In the 1980s, neonicotinoids came to be used as one of the world’s most favourite pesticides for use in agriculture; of course, after approval by scientists, environmental agencies and government committees. Unfortunately, these pesticides also had disastrous consequences on bee populations across the globe, with implications for food crop production since bees serve as vital links in pollination. In 2013, the European Union and several other countries banned neonicotinoids with the EU planning to reinforce the ban in 2017.

Do these examples mean that science is flawed? Far from it – it only means that science also has its share of uncertainties and needs to be more modest about what it can do. People still trust science, but science also needs to trust people, as Wiebe Bijker points out. Scientists have been accorded a “priest-like status” in society today. But we need to realize, as Tom Nichols suggests, that “science is a process, not a solution”. We need a social system which rewards scientists who are more patient and more rigorous than those who publish unverified results for the sake of attracting industrial patronage.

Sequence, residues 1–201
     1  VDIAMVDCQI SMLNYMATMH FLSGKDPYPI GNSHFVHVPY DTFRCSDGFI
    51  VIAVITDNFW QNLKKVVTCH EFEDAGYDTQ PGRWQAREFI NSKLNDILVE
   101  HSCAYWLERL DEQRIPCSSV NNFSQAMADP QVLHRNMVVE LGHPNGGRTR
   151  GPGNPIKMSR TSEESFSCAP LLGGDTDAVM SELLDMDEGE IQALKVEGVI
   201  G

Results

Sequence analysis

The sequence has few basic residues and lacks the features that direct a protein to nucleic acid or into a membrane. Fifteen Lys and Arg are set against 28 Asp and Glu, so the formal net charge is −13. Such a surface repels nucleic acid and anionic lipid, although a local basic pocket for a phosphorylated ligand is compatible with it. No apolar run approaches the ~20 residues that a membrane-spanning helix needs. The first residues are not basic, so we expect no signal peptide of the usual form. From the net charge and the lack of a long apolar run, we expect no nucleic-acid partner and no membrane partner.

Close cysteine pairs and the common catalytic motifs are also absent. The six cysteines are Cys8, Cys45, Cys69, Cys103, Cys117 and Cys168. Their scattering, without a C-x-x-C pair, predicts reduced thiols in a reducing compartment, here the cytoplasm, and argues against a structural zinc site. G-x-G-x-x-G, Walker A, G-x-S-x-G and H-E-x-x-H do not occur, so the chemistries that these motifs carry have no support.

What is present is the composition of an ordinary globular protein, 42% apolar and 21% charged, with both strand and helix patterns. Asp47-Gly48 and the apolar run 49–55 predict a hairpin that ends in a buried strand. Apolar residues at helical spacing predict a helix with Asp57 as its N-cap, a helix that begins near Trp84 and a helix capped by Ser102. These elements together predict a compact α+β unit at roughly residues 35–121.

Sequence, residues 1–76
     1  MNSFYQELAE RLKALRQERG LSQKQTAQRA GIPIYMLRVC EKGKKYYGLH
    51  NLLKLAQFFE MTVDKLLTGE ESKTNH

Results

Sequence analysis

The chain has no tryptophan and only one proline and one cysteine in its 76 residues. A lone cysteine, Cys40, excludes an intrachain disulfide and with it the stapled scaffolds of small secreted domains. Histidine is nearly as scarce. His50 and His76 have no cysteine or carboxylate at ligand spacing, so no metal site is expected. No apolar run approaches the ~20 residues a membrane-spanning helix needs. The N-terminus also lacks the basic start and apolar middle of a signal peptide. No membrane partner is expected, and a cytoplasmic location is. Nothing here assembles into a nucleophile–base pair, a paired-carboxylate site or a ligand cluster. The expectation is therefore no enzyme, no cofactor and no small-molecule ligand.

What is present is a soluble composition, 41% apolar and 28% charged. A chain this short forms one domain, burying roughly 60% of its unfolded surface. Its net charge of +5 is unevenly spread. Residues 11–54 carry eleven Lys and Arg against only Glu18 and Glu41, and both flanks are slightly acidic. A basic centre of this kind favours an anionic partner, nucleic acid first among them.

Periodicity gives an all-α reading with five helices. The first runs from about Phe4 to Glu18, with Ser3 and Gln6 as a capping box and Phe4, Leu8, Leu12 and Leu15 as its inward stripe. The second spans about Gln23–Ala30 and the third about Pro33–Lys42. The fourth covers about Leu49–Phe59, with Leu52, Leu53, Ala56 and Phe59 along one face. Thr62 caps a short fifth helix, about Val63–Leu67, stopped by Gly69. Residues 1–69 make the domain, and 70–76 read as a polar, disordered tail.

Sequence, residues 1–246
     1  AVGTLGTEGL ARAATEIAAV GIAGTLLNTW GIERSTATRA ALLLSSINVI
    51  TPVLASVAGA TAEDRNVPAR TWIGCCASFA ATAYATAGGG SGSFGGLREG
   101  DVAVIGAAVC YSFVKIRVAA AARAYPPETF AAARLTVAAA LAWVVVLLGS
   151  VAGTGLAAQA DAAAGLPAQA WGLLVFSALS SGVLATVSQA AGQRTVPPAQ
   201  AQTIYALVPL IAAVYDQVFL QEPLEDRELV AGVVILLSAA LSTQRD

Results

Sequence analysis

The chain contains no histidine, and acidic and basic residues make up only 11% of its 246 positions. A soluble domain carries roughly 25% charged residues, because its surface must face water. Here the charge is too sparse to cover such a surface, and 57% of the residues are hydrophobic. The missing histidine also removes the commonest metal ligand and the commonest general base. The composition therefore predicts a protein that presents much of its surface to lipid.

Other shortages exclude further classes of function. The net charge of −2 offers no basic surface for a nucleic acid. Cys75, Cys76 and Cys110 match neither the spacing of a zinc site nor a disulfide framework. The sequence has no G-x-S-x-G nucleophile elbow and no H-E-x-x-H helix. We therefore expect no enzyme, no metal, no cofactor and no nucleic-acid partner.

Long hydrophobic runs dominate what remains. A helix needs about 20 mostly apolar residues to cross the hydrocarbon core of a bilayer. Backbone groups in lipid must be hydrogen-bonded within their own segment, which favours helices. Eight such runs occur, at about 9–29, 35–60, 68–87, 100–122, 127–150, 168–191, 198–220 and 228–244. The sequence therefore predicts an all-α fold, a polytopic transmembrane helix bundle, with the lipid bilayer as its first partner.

So while Mark Whatney used the power of science to return safe to earth in “the Martian”, we need to be more modest and democratic if we need an earth to continue living on – this includes  listening to all groups in society, including the “non-scientists”.

 

Revealing fact or reinforcing faith: Gravitational waves and religion in Indian society

Whenever scientists achieve a breakthrough in understanding the fundamental laws of nature, it is often accompanied by an age-old question: has science nailed its final nail on the coffin of religion? This debate was reignited in 2016 with the detection of gravitational waves.